regular expression : the dollar sign ($) work with re.match() or re.search() ?

Discussion in 'Python' started by iMath, Sep 26, 2012.

  1. iMath

    iMath Guest

    I only know the dollar sign ($) will match a pattern from the
    end of a string,but which method does it work with ,re.match() or re.search() ?
    iMath, Sep 26, 2012
    #1
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  2. Re: regular expression : the dollar sign ($) work with re.match() or re.search()

    iMath writes:

    > I only know the dollar sign ($) will match a pattern from the end of
    > a string, but which method does it work with, re.match() or
    > re.search()


    It works with both. With re.match, the pattern has to match at the
    start of the string _and_ the $ has to match the end of the string (or
    a line); re.search scans the string until it finds a suitable start.

    What was the weird character that you used as a question mark? I
    removed them because they confuse the newsreader I use.
    Jussi Piitulainen, Sep 26, 2012
    #2
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  3. Re: regular expression : the dollar sign ($) work with re.match() orre.search()

    On Wed, Sep 26, 2012 at 5:48 PM, Jussi Piitulainen
    <> wrote:
    > What was the weird character that you used as a question mark? I
    > removed them because they confuse the newsreader I use.


    It appears to be Unicode Character 'FULLWIDTH QUESTION MARK' (U+FF1F).
    Normally I'd be inclined to simply use U+003F instead, but hey, it's a
    question mark still.

    ChrisA
    Chris Angelico, Sep 26, 2012
    #3
  4. iMath

    Peter Otten Guest

    Re: regular expression : the dollar sign ($) work with re.match() orre.search() ?

    iMath wrote:

    > I only know the dollar sign ($) will match a pattern from the
    > end of a string,but which method does it work with ,re.match() or
    > re.search() ?


    Why not try it out in the interactive interpreter? Here's the "deluxe
    version":

    >>> def demo(pattern="mid$", texts=["start mid end", "start mid", "mid end",

    "mid"], matchers=[re.match, re.search]):
    .... print "pattern:", pattern
    .... for text in texts:
    .... for matcher in matchers:
    .... name = matcher.__name__
    .... print u"\N{CHECK MARK}" + name if matcher(pattern,
    text) else (" "*(len(name)+1)),
    .... print repr(text)
    ....
    >>> demo()

    pattern: mid$
    'start mid end'
    ✓search 'start mid'
    'mid end'
    ✓match ✓search 'mid'
    Peter Otten, Sep 26, 2012
    #4
  5. Re: regular expression : the dollar sign ($) work with re.match() or re.search()

    Alister writes:
    > On Wed, 26 Sep 2012 10:48:00 +0300, Jussi Piitulainen wrote:
    >
    > > iMath writes:
    > >
    > >> I only know the dollar sign ($) will match a pattern from the end
    > >> of a string, but which method does it work with, re.match() or
    > >> re.search()

    > >
    > > It works with both. With re.match, the pattern has to match at the
    > > start of the string _and_ the $ has to match the end of the string
    > > (or a line); re.search scans the string until it finds a suitable
    > > start.
    > >
    > > What was the weird character that you used as a question mark? I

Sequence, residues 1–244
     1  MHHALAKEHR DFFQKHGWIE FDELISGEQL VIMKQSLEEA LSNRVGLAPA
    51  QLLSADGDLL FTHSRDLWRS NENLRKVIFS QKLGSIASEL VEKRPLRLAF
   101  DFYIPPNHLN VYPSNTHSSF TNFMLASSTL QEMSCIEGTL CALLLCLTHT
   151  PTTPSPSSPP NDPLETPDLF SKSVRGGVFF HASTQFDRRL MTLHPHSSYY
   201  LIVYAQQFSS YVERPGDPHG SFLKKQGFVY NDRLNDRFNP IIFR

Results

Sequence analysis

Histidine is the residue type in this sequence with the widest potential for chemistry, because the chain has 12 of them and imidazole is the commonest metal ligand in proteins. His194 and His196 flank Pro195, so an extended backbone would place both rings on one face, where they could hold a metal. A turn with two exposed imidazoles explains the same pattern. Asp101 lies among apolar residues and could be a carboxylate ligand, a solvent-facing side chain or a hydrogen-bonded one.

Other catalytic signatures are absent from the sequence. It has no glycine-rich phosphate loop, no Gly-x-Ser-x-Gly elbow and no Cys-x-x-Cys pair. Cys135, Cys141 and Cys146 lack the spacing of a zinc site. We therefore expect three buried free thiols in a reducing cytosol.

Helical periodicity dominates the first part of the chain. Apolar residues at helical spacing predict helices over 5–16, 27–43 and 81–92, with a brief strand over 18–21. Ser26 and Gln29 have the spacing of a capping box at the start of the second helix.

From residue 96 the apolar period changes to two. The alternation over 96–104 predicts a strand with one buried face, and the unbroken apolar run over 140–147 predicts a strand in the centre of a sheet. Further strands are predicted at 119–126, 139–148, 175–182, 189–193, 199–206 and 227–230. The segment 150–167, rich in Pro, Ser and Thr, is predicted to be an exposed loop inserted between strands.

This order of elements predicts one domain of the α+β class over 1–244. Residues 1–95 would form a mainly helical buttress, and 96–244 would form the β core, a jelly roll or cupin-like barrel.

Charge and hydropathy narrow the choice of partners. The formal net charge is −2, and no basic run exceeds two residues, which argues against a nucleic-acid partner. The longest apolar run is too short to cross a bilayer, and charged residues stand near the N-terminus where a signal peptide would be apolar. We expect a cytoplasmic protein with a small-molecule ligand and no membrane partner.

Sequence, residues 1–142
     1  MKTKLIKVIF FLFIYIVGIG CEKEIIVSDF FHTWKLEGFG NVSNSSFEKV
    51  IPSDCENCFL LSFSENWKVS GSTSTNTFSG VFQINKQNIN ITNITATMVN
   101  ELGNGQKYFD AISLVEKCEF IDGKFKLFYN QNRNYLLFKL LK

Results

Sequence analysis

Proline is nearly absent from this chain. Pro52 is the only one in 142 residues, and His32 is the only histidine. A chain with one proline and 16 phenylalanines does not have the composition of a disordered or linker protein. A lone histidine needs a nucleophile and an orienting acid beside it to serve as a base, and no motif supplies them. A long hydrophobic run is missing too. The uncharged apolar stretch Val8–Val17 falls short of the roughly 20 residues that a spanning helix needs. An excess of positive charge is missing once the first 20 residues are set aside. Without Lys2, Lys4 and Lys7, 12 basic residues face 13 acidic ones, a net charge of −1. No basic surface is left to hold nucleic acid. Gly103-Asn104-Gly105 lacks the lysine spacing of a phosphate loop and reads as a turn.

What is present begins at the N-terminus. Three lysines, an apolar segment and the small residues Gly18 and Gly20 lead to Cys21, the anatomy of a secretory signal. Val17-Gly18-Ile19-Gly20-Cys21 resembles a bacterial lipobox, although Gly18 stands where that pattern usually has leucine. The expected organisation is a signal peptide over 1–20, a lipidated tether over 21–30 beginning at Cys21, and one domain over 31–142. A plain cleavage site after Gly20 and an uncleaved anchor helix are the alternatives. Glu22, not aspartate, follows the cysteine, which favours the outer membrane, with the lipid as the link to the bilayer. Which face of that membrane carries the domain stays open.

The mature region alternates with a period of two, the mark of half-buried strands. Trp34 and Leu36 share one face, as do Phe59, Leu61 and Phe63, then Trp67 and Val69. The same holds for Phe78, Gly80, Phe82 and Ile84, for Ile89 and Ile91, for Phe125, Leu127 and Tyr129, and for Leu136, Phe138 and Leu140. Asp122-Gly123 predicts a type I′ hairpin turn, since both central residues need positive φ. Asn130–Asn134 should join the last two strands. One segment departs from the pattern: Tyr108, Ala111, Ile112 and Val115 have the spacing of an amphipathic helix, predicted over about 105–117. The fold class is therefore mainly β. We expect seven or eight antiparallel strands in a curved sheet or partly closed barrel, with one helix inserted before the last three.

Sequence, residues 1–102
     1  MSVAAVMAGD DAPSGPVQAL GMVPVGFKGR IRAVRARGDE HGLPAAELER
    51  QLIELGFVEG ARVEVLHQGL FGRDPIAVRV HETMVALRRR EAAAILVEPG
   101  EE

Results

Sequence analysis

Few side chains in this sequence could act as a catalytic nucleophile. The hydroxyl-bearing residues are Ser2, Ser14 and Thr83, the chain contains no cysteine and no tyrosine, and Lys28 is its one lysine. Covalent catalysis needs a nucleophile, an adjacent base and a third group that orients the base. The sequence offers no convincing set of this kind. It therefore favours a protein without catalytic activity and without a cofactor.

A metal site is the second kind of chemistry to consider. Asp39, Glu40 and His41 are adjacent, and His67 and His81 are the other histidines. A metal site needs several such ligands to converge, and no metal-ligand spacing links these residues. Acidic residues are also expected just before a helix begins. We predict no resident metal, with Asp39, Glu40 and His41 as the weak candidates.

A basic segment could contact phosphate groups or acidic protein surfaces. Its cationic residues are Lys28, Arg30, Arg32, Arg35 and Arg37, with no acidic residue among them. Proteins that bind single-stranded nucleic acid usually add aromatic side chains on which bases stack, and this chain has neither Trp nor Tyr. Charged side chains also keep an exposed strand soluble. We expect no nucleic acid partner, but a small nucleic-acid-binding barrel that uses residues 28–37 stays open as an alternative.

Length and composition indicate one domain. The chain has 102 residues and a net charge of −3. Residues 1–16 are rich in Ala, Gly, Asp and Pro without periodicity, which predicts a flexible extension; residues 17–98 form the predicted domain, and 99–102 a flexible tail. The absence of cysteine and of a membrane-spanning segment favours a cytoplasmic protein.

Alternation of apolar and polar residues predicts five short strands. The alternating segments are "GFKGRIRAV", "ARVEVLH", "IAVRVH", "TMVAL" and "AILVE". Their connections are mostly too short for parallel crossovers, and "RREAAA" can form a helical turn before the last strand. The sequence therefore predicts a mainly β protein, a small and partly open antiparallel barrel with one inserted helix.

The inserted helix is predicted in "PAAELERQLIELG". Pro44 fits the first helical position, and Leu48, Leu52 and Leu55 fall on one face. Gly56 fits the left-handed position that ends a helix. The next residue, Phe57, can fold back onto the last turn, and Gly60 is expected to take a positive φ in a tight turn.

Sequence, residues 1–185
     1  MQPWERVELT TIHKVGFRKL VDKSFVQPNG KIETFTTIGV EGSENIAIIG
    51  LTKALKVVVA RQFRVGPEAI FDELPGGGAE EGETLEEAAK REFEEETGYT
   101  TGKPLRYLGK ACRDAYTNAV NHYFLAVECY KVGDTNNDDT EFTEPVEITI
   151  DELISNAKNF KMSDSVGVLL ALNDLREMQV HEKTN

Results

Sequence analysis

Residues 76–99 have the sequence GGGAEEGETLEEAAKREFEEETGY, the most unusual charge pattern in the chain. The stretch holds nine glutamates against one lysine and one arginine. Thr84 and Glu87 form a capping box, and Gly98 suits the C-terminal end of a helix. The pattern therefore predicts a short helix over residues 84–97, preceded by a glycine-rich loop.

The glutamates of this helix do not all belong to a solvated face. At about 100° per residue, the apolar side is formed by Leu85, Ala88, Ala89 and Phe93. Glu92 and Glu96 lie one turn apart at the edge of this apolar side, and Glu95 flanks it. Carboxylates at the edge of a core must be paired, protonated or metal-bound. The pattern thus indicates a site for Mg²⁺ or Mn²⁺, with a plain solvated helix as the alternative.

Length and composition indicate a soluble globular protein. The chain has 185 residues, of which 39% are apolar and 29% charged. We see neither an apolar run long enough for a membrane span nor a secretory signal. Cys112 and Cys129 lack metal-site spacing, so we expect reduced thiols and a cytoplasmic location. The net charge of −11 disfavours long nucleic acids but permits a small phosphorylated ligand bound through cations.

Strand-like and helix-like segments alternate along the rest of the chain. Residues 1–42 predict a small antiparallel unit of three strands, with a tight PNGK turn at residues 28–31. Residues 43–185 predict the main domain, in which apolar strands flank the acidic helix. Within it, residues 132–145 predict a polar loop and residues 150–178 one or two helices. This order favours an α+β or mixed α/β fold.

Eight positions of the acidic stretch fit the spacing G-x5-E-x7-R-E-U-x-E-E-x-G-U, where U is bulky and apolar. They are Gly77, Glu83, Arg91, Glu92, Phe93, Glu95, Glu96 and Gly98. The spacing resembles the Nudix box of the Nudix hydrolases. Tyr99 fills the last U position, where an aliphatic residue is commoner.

> > removed them because they confuse the newsreader I use.

    >
    > It shows fine in my news reader, perhaps you should consider changing to
    > one that works properly (btw I am using pan on a fedora 17 netbook)


    I was just curious why anyone would use anything other than the ASCII
    question mark as an ordinary question mark when writing in English in
    a newsgroup.

    The post had this:

    0000520 61 72 63 68 28 29 20 20 ef bc 9f 0a
    a r c h ( ) sp sp o < us nl

    od is showing (ef bc 9f) as (o < us) but since they are not individual
    characters anyway, never mind that. Google tells me (ef bc 9f) is
    UTF-8 for U+FF1F FULLWIDTH QUESTION MARK, so now I basically have my
    answer as to what it is, though still not as to why one would use it.

    The ordinary question mark would look like this:

    0000000 61 72 63 68 28 29 20 3f 0a
    a r c h ( ) sp ? nl
    Jussi Piitulainen, Sep 26, 2012
    #5
  6. iMath

    Ian Kelly Guest

    Re: regular expression : the dollar sign ($) work with re.match() or re.search() ?

    On Fri, Sep 28, 2012 at 12:07 PM, Prasad, Ramit
    <> wrote:
    > I guess you can consider re.match's pattern to be
    > prefixed with '^'.


    You can in this case, but they're not equivalent in multi-line mode:

    >>> re.match('^two', 'one\ntwo', re.M)
    >>> re.search('^two', 'one\ntwo', re.M)

    <_sre.SRE_Match object at 0x0475BFA8>
    Ian Kelly, Sep 28, 2012
    #6
  7. iMath

    iMath Guest

    在 2012å¹´9月26日星期三UTC+8下åˆ3æ—¶38分50秒,iMath写é“:
    > I only know the dollar sign ($) will match a pattern from the
    >
    > end of a string,but which method does it work with ,re.match() or re.search() ?


    I thought re.match('h.$', 'hbxihi') will match ‘hi’ ,but itdoes not .so why ?
    iMath, Jan 7, 2013
    #7
  8. Re: regular expression : the dollar sign ($) work with re.match()or re.search() $)C#?

    On Mon, 07 Jan 2013 01:45:58 -0800, iMath wrote:

    > 在 2012å¹´9月26日星期三UTC+8下åˆ3æ—¶38分50秒,iMath写é“:
    >> I only know the dollar sign ($) will match a pattern from the
    >>
    >> end of a string,but which method does it work with ,re.match() or
    >> re.search() ?

    >
    > I thought re.match('h.$', 'hbxihi') will match ‘hi’ ,but it does not .so
    > why ?



    re.match only matches at the *start* of the string, so "h.$" tries to
    match:

    * start of string
    * literal h
    * any character
    * end of string


    You want re.search, which will search the entire string and match "hi" at
    the end of the string.


    --
    Steven
    Steven D'Aprano, Jan 7, 2013
    #8
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